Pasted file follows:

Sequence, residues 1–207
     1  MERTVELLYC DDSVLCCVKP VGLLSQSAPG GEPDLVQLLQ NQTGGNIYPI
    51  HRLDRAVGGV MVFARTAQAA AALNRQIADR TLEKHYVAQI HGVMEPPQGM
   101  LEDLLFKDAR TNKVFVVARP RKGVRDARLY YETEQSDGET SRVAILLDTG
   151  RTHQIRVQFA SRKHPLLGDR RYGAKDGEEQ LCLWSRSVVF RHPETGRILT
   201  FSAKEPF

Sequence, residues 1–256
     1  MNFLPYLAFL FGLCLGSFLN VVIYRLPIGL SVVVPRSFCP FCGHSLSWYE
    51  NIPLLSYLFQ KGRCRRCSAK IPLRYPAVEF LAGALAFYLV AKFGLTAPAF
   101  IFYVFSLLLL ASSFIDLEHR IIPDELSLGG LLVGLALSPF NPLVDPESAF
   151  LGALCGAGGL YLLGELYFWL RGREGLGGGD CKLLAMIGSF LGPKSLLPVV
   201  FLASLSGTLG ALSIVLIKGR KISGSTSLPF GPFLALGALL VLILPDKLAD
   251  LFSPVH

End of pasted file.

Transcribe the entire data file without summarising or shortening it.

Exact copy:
Sequence, residues 1–207
     1  MERTVELLYC DDSVLCCVKP VGLLSQSAPG GEPDLVQLLQ NQTGGNIYPI
    51  HRLDRAVGGV MVFARTAQAA AALNRQIADR TLEKHYVAQI HGVMEPPQGM
   101  LEDLLFKDAR TNKVFVVARP RKGVRDARLY YETEQSDGET SRVAILLDTG
   151  RTHQIRVQFA SRKHPLLGDR RYGAKDGEEQ LCLWSRSVVF RHPETGRILT
   201  FSAKEPF

Sequence, residues 1–256
     1  MNFLPYLAFL FGLCLGSFLN VVIYRLPIGL SVVVPRSFCP FCGHSLSWYE
    51  NIPLLSYLFQ KGRCRRCSAK IPLRYPAVEF LAGALAFYLV AKFGLTAPAF
   101  IFYVFSLLLL ASSFIDLEHR IIPDELSLGG LLVGLALSPF NPLVDPESAF
   151  LGALCGAGGL YLLGELYFWL RGREGLGGGD CKLLAMIGSF LGPKSLLPVV
   201  FLASLSGTLG ALSIVLIKGR KISGSTSLPF GPFLALGALL VLILPDKLAD
   251  LFSPVH